Through a montage of news reports, we’re given the timeline of how the system moved from being a white-collar crime investigator to a device that arrests people based on their thoughts or what they’re inclined to do. These “thought crimes” that the system arrested people for are based on the dystopian society that was mentioned in George Orwell’s 1984. In 2034, when Vivienne and Tayo were moving in together after Tayo was removed, the system suggested arresting Vivienne based on a book she was writing and her associates who’d voiced opinions against the system. Director Warren greenlit the arrest, and Viv was arrested on their doorstep while Tayo was tasered by one of the system’s drones. She made it clear in the courtroom that she was never going to receive any justice here because she’d been previously determined guilty.

Do The Class Graduates Defeat The System?

Enough was enough, and Tayo, Hour, Poet, and Lennix got together to make sure this cankerous system was exterminated for good. Tayo knew the original location where the mainframe data was kept, and Poet brought up the device Amos had handed her before being killed, the device that could be used to send EMP charges to fry the system. Once fried, it’d have to be manually rebooted, thereby wiping clean all the exemptions that the system wouldn’t judge. If everyone became equal, the highest-ranking officials would no longer allow the system to be active, so it’d have to be shut down. Sounds like a foolproof plan. The four graduates snuck into the original location while shooting down the advancing drones. After distracting a few more drones inside, they fried the system and then rebooted it manually, wiping clean the corruption. The four were arrested immediately after stepping outside and taken in. However, the system had been cleansed and was immediately declared unfit to remain active. Every arrest that’d been made based on predictions was nullified, and the prisoners released, including Vivienne.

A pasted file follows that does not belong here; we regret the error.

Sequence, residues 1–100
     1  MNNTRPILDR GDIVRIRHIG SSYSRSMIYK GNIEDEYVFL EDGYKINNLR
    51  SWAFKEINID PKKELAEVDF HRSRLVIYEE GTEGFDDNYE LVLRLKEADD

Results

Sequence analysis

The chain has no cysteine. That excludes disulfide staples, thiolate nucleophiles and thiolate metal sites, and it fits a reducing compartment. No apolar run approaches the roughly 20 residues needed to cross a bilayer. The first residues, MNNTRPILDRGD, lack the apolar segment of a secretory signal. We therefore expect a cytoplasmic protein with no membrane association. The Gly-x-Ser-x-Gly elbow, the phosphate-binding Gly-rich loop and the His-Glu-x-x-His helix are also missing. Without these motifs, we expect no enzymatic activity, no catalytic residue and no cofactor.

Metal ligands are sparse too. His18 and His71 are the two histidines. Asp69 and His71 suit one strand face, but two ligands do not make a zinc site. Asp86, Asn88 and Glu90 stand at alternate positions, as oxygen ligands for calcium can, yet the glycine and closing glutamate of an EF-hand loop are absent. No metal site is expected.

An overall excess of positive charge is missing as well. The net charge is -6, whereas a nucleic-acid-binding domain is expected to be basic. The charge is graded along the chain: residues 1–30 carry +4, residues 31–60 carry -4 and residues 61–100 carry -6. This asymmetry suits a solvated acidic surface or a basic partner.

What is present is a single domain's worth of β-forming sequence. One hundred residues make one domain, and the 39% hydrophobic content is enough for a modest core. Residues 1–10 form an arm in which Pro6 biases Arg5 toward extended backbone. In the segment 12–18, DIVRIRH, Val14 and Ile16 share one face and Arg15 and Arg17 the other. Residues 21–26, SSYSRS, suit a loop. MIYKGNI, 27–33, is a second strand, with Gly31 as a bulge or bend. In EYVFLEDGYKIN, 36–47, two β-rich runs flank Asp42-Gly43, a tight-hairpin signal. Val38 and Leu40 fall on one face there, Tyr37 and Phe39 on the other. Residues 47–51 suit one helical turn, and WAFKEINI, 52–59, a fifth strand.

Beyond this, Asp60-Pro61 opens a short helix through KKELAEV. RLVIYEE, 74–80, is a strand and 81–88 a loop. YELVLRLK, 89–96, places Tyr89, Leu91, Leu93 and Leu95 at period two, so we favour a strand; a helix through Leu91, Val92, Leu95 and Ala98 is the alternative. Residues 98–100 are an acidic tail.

‘Class Of ’09’ Episode 8 Ending Explained

Poet became the new instructors at Quantico, to the batch of 2034, where her role was to train the new students to return to their roots and make use of human judgment, which always needs to reign supreme. In this new age, machines will once again take a backseat, as recent experience has taught the people not to grow over reliant on technology, and the FBI needs to train its students on the necessity to make decisions and judgments based on logic and thought and see the person before them as humans. Treating people as binaries led to a nationwide fiasco, so once again, people became the most important resource, as is the law of man.

In the end of Class Of ’09, FBI and in essence, humanity returns to the grassroot levels where man’s judgment takes supremacy over machines and that’s the biggest stand humanity has over AI. If man begins outsourcing all his responsibilities to a machine, there might come a time when the machine begins removing man from the equation altogether, which makes AI an enemy of the future. With self-driving cars and bionic arms and eyes, the future might seem like the place to be, but one can’t feel safe when it’s a computer with binaries deciding the fate of a human. A real person has feelings, emotions, and the ability to take in everything about their surroundings before making the decision, while AI sees only in black or white. The gray is where humanity dwells in, so the human touch is the most important necessity for society to exist. 

Notify of

Inline Feedbacks
View all comments
Indrayudh Talukdar
Indrayudh Talukdar
Indrayudh has a master's degree in English literature from Calcutta University and a passion for all things in cinema. He loves writing about the finer aspects of cinema, although he is also an equally big fan of webseries and anime. In his free time, Indrayudh loves playing video games and reading classic novels.

Latest articles